Microsoft has unveiled a 10.6-inch tablet in a 16:9 aspect ratio,
dubbed the Surface, to be available in two options, one powered by Intel's 22-nm
Ivy Bridge processor running Windows 8, and another Surface powered by an ARM
chipset and Windows RT.
The Windows RT version is 9.3-mm thin, weighs 676 grams, includes a built-in
kickstand, and is claimed to be the first PC with a vapor-deposited magnesium
case. It will ship in 32- and 64-Gbyte versions and will compete head-to-head with
The Intel-based Surface tablet will run Windows 8 Pro, with a thickness of
13.5-mm, to compete with lightweight laptop PCs, at 903 grams.
This version will also include magnesium casing and a built-in kickstand, but
will ship with either 64- or 128-Gbytes of storage. The Intel version will also include
additional digital ink support through a pen that magnetizes to the body of the
tablet, and a touch-capable 10.6-inch ClearType "Full HD" display. The lighter,
thinner version of the Surface tablet, built on an Nvidia Corp chip designed by
ARM Holdings, will be the first to market at the same time as the general
release of Windows 8, and will come with Microsoft's Office suite of
This article was first published by EE Times Europe
one more reliable and good product in the microsoft range of hardware.I generally have the feeling that micro soft hardware products also perform well like their software products.Soon expecting the same in our market to buy one.
I do not know whether the hardware companies, which were planning to use Win8 for their tablet and ultrabook knew about MS's development. If not, then its like stabbing on the back of your customers. But true that the options for those hardware companies are limited and probably will also be expensive to implement.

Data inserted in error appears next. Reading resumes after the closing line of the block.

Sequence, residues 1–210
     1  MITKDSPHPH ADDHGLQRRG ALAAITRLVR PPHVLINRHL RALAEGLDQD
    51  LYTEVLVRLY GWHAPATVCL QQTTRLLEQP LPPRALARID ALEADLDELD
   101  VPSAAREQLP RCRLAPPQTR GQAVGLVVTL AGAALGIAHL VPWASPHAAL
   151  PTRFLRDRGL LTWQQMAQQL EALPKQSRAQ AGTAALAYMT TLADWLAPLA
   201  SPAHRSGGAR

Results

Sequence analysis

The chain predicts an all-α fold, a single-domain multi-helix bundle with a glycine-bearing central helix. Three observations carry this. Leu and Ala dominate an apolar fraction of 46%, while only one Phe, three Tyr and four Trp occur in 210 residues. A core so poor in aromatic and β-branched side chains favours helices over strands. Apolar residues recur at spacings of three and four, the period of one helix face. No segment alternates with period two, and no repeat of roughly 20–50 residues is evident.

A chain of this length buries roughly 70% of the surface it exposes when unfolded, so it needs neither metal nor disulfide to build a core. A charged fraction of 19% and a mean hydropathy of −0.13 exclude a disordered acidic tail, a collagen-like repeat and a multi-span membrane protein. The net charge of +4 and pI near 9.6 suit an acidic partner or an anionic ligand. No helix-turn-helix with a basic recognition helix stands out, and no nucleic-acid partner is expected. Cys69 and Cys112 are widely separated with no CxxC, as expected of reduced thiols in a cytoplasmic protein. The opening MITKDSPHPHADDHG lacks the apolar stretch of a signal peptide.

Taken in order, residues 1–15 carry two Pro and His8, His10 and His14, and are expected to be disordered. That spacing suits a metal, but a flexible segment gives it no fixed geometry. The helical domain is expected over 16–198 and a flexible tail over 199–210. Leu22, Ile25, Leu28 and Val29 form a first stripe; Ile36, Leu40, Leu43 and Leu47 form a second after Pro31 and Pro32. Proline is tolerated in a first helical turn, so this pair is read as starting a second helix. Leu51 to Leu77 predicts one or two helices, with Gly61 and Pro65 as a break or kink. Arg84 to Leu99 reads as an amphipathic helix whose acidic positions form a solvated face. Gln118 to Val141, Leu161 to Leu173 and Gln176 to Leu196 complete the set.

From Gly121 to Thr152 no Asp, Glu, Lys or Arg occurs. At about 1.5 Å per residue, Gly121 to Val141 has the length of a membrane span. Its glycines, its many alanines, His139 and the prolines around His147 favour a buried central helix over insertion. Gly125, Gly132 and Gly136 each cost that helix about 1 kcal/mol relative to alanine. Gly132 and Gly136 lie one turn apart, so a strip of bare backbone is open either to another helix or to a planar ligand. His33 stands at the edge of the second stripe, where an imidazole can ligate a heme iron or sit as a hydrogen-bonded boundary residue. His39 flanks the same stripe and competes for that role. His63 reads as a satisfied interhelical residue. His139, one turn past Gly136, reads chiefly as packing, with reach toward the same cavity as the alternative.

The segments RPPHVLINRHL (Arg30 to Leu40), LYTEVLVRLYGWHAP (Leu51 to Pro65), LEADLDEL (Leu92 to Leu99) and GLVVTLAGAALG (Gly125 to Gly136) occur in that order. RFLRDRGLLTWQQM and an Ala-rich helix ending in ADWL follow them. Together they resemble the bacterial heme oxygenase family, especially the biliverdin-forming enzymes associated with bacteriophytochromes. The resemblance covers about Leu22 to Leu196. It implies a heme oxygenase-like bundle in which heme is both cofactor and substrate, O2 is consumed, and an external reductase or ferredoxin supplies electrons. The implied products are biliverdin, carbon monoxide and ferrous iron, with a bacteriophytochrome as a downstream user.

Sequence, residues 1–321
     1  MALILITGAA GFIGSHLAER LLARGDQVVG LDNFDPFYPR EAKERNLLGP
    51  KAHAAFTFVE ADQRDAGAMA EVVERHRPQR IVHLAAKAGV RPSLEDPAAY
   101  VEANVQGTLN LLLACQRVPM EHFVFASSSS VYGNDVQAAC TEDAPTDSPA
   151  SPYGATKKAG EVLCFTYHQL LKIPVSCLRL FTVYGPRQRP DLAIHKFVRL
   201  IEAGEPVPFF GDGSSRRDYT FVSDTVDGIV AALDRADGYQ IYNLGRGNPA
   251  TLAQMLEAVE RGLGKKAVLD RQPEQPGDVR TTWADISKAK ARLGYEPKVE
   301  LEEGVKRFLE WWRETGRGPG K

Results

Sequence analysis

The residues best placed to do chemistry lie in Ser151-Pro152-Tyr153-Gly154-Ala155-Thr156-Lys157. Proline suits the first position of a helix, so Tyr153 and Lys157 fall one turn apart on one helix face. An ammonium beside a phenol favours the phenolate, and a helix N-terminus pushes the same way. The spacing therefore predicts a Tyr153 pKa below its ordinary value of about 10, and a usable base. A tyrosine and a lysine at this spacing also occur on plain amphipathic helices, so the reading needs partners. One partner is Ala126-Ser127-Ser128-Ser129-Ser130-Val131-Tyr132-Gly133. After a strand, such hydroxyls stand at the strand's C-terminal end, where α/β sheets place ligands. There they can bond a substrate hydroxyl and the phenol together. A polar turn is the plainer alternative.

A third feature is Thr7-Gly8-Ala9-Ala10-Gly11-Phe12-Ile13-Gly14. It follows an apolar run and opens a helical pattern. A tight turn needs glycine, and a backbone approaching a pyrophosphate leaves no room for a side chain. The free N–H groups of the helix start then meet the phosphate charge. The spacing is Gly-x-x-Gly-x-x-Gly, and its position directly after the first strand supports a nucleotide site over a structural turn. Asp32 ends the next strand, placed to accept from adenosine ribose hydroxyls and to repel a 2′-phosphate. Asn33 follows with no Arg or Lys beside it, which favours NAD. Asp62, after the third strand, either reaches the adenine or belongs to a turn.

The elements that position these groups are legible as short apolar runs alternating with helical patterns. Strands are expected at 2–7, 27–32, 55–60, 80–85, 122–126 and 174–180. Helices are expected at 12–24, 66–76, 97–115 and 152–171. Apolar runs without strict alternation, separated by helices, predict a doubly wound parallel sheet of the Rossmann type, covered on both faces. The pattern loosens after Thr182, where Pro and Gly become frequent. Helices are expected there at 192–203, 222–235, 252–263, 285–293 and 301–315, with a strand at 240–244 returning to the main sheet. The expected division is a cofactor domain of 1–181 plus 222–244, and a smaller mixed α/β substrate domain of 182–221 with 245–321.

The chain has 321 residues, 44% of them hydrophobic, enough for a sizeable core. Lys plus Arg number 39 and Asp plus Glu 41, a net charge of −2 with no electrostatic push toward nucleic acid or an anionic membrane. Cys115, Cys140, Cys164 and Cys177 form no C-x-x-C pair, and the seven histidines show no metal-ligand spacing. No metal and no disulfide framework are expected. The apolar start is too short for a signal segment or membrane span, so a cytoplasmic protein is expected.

They might try and refuse to use Windows 8, but their alternative choices are limited.
iOS is Apple only and then there is Windows versions and Android and that's about it.
Naked Linux or you could resuscitate RiscOS?
Too obvious. its higher power consumption of the intel chip and hence a heavier battery.
IMO, Intel version has better chances, as it can run all the legacy programs. Windows RT cannot run existing apps IINW
What might be the cause for the Intel version to be more weighty than the ARM version? Is it because of greater thermal challenges or heavier battery? Given these two options, anybody would buy the Intel version if there are now price/performance advantage?
David Patterson, known for his pioneering research that led to RAID, clusters and more, is part of a team at UC Berkeley that recently made its RISC-V processor architecture an open source hardware offering. We talk with Patterson and one of his colleagues behind the effort about the opportunities they see, what new kinds of designs they hope to enable and what it means for today’s commercial processor giants such as Intel, ARM and Imagination Technologies.